REVIEW METHODS

This was a complex multiphase study with four linked phases: phase 1 - derivation of the health-state classification system; phase 2 - general population valuation survey and modelling to produce values for every health state; phase 3 - patient/carer valuation survey; and phase 4 - application of measures to trial data.

RESULTS

All four phases were successful and this report details this development process leading to the first condition-specific preference-based measures in dementia, an important new development in this field.

LIMITATIONS

The first limitation relates to the lack of an external data set to validate the DEMQOL-U and DEMQOL-Proxy-U classification systems. Throughout the development process we have made decisions about which methodology to use. There are other valid techniques that could be used and it is possible to criticise the choices that we have made. It is also possible that the use of a mild to moderate dementia sample has resulted in classification systems that do not fully reflect the challenges of severe dementia.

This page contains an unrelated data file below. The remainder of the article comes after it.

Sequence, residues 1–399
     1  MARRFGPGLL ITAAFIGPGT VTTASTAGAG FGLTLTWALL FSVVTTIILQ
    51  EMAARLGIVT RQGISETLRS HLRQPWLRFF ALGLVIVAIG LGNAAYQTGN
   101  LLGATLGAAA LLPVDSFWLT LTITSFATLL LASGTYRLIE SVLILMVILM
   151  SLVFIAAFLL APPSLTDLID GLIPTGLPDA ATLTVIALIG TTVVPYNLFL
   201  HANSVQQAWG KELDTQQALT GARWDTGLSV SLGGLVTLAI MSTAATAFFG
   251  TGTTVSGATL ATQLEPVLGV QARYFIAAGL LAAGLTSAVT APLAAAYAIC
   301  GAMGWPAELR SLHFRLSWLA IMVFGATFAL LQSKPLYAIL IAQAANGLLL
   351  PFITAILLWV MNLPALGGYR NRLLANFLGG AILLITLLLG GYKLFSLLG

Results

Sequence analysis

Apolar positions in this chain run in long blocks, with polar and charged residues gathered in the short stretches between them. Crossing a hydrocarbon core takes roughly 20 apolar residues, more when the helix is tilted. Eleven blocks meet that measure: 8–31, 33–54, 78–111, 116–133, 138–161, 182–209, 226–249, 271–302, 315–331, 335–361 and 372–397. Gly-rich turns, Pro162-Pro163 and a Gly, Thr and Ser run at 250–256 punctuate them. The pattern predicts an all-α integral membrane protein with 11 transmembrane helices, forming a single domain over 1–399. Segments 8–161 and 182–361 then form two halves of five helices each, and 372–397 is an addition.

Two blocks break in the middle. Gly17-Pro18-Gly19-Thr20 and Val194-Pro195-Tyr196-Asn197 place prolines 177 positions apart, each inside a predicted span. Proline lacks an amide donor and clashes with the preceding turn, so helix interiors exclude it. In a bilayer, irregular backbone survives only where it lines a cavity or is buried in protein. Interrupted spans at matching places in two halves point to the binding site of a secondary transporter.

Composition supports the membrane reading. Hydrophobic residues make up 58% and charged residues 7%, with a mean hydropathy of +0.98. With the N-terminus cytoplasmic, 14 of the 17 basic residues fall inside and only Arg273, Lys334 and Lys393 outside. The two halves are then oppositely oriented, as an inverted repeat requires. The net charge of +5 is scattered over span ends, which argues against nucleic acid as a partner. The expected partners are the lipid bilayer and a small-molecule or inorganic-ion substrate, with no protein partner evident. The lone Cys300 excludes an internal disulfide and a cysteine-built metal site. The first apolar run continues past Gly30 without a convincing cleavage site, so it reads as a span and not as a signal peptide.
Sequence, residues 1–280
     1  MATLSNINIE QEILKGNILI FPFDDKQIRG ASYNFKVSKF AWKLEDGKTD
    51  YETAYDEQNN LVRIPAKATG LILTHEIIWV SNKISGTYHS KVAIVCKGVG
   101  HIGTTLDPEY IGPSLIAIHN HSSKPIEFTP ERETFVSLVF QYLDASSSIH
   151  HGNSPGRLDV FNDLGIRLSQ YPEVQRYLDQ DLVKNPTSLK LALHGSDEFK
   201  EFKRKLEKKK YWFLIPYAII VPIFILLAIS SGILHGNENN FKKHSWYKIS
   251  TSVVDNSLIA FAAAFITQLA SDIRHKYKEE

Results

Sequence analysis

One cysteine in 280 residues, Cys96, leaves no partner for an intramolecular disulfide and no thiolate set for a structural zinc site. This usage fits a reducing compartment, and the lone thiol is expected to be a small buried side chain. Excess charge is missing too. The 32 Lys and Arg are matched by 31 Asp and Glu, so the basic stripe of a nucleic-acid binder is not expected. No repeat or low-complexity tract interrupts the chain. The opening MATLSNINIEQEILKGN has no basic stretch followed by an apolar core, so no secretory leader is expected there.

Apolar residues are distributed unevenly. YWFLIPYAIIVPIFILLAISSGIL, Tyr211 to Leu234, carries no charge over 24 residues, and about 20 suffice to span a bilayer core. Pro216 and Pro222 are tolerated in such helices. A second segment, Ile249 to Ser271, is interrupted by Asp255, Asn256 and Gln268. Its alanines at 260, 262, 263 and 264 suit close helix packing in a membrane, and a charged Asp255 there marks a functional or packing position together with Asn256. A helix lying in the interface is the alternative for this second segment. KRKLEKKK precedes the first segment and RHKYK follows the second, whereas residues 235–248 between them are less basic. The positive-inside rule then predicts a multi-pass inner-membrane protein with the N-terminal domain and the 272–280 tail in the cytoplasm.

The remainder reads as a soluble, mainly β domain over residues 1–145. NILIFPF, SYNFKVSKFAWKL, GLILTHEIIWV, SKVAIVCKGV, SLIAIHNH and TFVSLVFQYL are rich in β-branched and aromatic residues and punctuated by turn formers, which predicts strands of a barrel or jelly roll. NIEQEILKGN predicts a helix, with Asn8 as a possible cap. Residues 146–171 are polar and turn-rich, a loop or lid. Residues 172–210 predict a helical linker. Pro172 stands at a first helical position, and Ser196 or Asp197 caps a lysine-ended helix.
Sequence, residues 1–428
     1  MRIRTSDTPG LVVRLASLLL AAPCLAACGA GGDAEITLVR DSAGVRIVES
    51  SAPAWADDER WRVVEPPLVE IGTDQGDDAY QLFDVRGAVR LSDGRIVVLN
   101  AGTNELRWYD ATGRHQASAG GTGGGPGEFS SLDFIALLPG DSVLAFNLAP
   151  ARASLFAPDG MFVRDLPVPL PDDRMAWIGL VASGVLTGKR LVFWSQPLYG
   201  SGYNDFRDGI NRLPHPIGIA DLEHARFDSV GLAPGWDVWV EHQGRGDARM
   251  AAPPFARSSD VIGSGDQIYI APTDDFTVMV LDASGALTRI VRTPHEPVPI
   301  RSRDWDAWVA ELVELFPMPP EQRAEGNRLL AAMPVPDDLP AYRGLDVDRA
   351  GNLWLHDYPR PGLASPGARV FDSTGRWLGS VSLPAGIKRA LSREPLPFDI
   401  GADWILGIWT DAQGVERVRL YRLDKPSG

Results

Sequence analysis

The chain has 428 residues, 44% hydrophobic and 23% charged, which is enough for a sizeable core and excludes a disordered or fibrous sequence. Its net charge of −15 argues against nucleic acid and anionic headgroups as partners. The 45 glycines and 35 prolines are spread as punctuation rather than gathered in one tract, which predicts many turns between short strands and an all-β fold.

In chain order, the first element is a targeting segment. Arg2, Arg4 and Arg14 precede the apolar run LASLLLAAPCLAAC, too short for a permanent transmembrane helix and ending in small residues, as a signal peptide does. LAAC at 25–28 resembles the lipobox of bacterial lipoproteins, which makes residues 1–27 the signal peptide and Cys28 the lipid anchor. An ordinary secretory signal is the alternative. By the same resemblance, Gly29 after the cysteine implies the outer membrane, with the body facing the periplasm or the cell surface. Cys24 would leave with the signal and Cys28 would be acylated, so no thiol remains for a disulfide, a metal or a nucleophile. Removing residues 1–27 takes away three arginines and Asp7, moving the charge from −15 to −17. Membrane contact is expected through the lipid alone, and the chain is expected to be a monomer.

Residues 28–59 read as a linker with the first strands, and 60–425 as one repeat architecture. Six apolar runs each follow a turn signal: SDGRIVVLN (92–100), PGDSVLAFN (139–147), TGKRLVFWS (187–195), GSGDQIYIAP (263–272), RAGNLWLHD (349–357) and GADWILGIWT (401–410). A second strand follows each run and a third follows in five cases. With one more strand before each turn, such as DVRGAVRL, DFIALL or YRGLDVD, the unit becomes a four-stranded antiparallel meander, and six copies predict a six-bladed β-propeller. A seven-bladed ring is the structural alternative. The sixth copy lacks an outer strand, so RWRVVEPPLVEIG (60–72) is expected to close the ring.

CONCLUSION

The results presented are sufficiently encouraging to recommend that the DEMQOL instruments be used alongside a generic measure such as the European Quality of Life-5 Dimensions (EQ-5D) in future studies of interventions in dementia as there was evidence that they can be more sensitive for patients at the milder end of disease and some limited evidence that the person with dementia measure may be able to reflect deterioration.

FUNDING

The National Institute for Health Research Health Technology Assessment programme.

Abstract

BACKGROUND